Ensuring safety and explainability of machine learning (ML) is a topic of increasing relevance as data-driven applications venture into safety-critical application domains, traditionally committed to high safety standards that are not satisfied with an exclusive testing approach of otherwise inaccessible black-box systems. Especially the interaction between safety and security is a central challenge, as security violations can lead to compromised safety. The contribution of this paper to addressing both safety and security within a single concept of protection applicable during the operation of ML systems is active monitoring of the behaviour and the operational context of the data-driven system based on distance measures of the Empirical Cumulative Distribution Function (ECDF). We investigate abstract datasets (XOR, Spiral, Circle) and current security-specific datasets for intrusion detection (CICIDS2017) of simulated network traffic, using distributional shift detection measures including the Kolmogorov-Smirnov, Kuiper, Anderson-Darling, Wasserstein and mixed Wasserstein-Anderson-Darling measures. Our preliminary findings indicate that the approach can provide a basis for detecting whether the application context of an ML component is valid in the safety-security. Our preliminary code and results are available at

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One-Shot Unsupervised Cross-Domain Detection

May 23, 2020
Antonio D'Innocente, Francesco Cappio Borlino, Silvia Bucci, Barbara Caputo, Tatiana Tommasi

Despite impressive progress in object detection over the last years, it is still an open challenge to reliably detect objects across visual domains. Although the topic has attracted attention recently, current approaches all rely on the ability to access a sizable amount of target data for use at training time. This is a heavy assumption, as often it is not possible to anticipate the domain where a detector will be used, nor to access it in advance for data acquisition. Consider for instance the task of monitoring image feeds from social media: as every image is created and uploaded by a different user it belongs to a different target domain that is impossible to foresee during training. This paper addresses this setting, presenting an object detection algorithm able to perform unsupervised adaption across domains by using only one target sample, seen at test time. We achieve this by introducing a multi-task architecture that one-shot adapts to any incoming sample by iteratively solving a self-supervised task on it. We further enhance this auxiliary adaptation with cross-task pseudo-labeling. A thorough benchmark analysis against the most recent cross-domain detection methods and a detailed ablation study show the advantage of our method, which sets the state-of-the-art in the defined one-shot scenario.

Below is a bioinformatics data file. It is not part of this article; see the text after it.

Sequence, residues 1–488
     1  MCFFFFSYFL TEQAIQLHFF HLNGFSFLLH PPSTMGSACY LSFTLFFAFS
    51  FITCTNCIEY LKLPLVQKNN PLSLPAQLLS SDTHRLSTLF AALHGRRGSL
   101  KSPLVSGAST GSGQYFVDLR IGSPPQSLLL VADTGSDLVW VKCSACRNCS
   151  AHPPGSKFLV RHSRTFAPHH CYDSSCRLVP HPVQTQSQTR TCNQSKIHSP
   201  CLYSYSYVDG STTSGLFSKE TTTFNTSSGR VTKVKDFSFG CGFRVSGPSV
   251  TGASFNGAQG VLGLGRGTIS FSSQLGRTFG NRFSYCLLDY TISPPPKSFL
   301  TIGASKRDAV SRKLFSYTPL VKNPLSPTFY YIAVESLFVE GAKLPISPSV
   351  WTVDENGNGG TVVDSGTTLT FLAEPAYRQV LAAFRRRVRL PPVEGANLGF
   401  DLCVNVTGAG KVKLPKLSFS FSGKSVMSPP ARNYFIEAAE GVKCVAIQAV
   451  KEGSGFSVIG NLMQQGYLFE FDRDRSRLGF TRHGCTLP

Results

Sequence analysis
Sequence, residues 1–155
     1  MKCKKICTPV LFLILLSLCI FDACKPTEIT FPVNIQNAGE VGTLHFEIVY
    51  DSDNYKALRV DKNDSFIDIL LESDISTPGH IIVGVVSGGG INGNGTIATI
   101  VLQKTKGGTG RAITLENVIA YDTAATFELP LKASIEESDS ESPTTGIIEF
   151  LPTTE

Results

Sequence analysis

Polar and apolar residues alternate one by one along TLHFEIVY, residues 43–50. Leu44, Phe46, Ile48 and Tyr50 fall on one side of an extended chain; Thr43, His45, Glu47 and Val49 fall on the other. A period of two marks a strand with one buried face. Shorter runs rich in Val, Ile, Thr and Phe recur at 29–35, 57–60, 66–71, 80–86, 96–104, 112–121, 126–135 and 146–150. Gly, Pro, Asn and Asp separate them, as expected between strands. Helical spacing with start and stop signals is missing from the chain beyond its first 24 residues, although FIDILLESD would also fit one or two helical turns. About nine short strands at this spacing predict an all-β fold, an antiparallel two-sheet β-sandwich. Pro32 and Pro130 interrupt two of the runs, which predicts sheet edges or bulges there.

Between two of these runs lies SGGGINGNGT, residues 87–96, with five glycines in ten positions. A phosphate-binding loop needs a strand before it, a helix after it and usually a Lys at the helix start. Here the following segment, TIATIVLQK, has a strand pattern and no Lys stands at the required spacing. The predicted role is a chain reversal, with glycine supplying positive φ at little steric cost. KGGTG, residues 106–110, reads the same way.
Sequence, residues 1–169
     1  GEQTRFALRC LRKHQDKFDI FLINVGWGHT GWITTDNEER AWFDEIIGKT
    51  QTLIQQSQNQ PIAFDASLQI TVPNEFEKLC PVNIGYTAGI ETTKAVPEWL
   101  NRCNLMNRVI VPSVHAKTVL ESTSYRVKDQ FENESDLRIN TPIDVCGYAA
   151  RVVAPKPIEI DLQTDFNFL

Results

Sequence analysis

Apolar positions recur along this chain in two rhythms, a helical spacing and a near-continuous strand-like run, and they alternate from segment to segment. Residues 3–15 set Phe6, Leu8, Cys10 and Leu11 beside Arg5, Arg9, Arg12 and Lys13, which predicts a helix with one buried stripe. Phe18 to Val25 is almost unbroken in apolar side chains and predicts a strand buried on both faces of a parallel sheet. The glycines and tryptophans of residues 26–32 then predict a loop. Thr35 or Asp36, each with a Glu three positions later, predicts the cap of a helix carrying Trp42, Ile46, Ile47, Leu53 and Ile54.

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Unsupervised Cross-Modal Audio Representation Learning from Unstructured Multilingual Text

Mar 27, 2020
Alexander Schindler, Sergiu Gordea, Peter Knees

We present an approach to unsupervised audio representation learning. Based on a triplet neural network architecture, we harnesses semantically related cross-modal information to estimate audio track-relatedness. By applying Latent Semantic Indexing (LSI) we embed corresponding textual information into a latent vector space from which we derive track relatedness for online triplet selection. This LSI topic modelling facilitates fine-grained selection of similar and dissimilar audio-track pairs to learn the audio representation using a Convolution Recurrent Neural Network (CRNN). By this we directly project the semantic context of the unstructured text modality onto the learned representation space of the audio modality without deriving structured ground-truth annotations from it. We evaluate our approach on the Europeana Sounds collection and show how to improve search in digital audio libraries by harnessing the multilingual meta-data provided by numerous European digital libraries. We show that our approach is invariant to the variety of annotation styles as well as to the different languages of this collection. The learned representations perform comparable to the baseline of handcrafted features, respectively exceeding this baseline in similarity retrieval precision at higher cut-offs with only 15\% of the baseline's feature vector length.

* In Proceedings of the 35th ACM/SIGAPP Symposium On Applied Computing (SAC2020), March 30-April 3, 2020, Brno, Czech Republic 
* This is the long version of our SAC2020 poster presentation